Having said all I did about the outrageous waste of money, a COTS (commercial off-the-shelf) solution, even heavily modified is probably the way to go (and from other comments it sounds like this latest $12 million will go to a Peoplesoft implementation). Still some pretty sweet coin for Accenture, the consulting company that's doing the COTS implementation.

Comment Re:That's a nice budget you got there (Score 2, Informative) 418

With agile methods and a multi-disciplinary team ("good coders" is an unfortunate catchall phrase I used to mean people who can gather requirements, write user stories, validate, iterate, manage a burndown list, etc.), five years would be absolutely more than enough time to do all of the steps you mention and more... like change management and getting iterations into stakeholder hands early... and on and on. I am neither a youngster nor naive about the software development life cycle (both waterfall which is what it sounds like you're used to, and agile).

Univ. of Wisconsin's 30-Year-Old Payroll System Needs a $40 Million Fix 418

jaroslav writes "The University of Wisconsin is attempting to update a payroll system they have had in place since 1975, but spent $28.4 million in a 2004 attempt with no results, and now is experiencing new overruns in cost and time after 'not hav[ing] the full picture of how complex this project would be.' The current estimate of the redesign is $12 million and years of further work on top of the money already spent."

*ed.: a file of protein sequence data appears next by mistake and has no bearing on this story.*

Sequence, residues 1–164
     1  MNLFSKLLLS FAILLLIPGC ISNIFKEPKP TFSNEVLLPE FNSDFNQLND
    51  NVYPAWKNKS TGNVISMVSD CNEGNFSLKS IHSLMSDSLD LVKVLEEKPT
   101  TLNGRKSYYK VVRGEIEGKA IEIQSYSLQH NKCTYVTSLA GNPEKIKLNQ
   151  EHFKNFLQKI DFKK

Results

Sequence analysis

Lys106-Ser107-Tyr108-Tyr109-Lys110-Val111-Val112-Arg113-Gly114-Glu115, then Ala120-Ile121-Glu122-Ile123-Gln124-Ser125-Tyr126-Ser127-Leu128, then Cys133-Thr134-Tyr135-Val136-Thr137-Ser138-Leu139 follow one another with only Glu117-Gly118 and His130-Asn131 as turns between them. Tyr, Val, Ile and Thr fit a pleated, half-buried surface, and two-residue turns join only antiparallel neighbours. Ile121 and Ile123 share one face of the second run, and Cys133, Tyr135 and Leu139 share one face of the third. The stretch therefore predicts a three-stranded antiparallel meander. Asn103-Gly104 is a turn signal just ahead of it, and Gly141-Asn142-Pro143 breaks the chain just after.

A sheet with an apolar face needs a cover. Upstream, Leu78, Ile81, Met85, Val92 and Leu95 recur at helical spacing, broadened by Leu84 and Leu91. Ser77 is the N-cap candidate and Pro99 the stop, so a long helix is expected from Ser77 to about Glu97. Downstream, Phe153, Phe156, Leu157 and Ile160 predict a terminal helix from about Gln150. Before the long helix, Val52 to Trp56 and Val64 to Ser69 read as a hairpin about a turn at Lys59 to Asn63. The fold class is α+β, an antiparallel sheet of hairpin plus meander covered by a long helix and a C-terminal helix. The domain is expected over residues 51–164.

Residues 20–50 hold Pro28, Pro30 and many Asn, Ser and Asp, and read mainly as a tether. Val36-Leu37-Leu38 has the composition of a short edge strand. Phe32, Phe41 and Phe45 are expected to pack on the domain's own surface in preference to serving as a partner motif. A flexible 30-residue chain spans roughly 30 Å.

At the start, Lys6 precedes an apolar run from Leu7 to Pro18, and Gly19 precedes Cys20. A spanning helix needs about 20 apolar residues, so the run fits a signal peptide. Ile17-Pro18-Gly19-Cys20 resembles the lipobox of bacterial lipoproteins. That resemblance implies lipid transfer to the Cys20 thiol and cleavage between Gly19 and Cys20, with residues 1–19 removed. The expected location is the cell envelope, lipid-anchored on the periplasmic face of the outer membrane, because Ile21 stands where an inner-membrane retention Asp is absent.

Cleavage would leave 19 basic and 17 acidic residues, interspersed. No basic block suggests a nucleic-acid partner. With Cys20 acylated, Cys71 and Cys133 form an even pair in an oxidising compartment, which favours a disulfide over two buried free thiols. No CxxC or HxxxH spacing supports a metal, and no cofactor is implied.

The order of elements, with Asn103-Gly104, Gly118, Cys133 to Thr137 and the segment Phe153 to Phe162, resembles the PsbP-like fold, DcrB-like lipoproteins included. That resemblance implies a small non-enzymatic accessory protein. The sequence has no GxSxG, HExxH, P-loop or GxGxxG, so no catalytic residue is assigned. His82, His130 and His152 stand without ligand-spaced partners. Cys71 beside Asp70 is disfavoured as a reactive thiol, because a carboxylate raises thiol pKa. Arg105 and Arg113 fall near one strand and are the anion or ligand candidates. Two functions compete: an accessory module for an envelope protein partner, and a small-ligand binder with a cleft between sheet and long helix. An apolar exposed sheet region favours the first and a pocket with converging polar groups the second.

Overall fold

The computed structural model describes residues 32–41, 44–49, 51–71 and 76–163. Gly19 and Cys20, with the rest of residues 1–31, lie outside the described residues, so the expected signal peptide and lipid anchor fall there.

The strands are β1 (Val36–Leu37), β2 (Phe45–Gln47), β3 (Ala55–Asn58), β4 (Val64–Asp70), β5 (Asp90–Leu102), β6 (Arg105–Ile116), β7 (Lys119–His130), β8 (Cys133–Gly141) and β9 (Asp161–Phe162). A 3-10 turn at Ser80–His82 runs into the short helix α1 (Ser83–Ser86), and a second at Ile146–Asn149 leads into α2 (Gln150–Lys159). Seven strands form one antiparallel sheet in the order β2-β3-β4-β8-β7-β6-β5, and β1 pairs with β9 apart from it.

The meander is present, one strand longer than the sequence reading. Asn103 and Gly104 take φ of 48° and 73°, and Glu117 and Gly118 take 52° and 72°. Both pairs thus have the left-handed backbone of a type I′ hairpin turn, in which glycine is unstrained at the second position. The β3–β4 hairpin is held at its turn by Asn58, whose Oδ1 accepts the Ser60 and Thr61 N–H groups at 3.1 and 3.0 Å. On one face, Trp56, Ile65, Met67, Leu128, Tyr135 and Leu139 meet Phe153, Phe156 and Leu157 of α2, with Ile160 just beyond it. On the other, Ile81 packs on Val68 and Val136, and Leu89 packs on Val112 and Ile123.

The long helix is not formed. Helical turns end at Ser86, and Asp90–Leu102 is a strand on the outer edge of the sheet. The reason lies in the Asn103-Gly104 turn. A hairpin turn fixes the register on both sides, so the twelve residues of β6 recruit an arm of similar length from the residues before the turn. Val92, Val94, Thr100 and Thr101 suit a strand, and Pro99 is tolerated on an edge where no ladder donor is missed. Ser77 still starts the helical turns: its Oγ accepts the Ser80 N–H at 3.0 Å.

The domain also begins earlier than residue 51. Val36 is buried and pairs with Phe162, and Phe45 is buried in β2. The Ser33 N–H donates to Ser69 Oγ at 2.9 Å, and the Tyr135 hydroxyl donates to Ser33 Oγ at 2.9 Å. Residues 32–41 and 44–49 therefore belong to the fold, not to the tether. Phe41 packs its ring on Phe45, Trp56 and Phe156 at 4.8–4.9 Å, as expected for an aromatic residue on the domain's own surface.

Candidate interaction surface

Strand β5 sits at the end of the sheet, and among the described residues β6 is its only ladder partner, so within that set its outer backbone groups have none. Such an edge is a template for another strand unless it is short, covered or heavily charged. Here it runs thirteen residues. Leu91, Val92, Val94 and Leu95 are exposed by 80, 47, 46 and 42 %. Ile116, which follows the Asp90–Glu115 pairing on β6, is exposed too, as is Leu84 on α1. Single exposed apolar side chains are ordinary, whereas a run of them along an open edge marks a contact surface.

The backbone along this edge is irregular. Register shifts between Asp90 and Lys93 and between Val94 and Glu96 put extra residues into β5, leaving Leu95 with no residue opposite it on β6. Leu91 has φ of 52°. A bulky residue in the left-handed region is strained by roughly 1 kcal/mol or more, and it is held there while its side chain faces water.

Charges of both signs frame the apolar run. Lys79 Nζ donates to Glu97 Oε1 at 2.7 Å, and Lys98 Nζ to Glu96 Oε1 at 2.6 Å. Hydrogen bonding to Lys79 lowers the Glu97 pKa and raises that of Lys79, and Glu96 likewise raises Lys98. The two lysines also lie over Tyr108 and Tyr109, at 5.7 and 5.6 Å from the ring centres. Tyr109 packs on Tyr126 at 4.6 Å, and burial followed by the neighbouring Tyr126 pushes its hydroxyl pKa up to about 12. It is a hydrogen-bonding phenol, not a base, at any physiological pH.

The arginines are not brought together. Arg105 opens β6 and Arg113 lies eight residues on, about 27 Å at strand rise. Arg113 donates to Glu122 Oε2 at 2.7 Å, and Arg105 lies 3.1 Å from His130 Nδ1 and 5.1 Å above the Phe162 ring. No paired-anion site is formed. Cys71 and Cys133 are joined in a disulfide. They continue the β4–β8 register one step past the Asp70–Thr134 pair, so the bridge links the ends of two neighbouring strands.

Comment PvP (Score 1) 74

I wasn't attracted to Shadowbane because I have found player-vs-player games to be usually ruined by ubergamers. However, team-vs-team is a different thing and in reading the farewell, it looks like guilds were a big part of the game. I probably should have taken a closer look. Oh well... too late now.
Role Playing (Games)

Ubisoft To Shut Down Shadowbane 74

tyen writes "Ubisoft has announced the shutdown of Shadowbane, the first major, fantasy role-playing MMO with true PVP (full asset destruction possible). The shutdown will take place in about two weeks, at the start of May. No official reason has been given by Ubisoft, but running an MMO for free for the past three years, with no significant improvement in market growth during that period, could play a part in the decision. There's been no response from Ubisoft yet on calls to open source the code. "

Comment Re:This Just In... (Score 1) 328

Google itself is not at all sticky. Did you know that in the early days of search, the people in charge of "portal sites" (remember them) like Excite and even Yahoo were trying to figure out ways to keep people on their site. Google took a different approach: the faster people leave our site, the better job we've done of helping them find what they are looking for.

Sometimes a counter-intuitive approach brings a sea change in an industry. But all people are suggesting is that Google will drive traffic to the site and you have to make your site useful so people will want to return. If that means creating an awesome community like /. has done... then so be it. If that means creating really good unique content (with "related" links)... then so be that too.

If you believe that Google-attracted visitors don't ever stick around, then shun Google and figure out a way to attract a stickier audience. But I think the metrics show that if you can retain just a fraction of the massive audience driven to your site from Google, then you'll be doing well.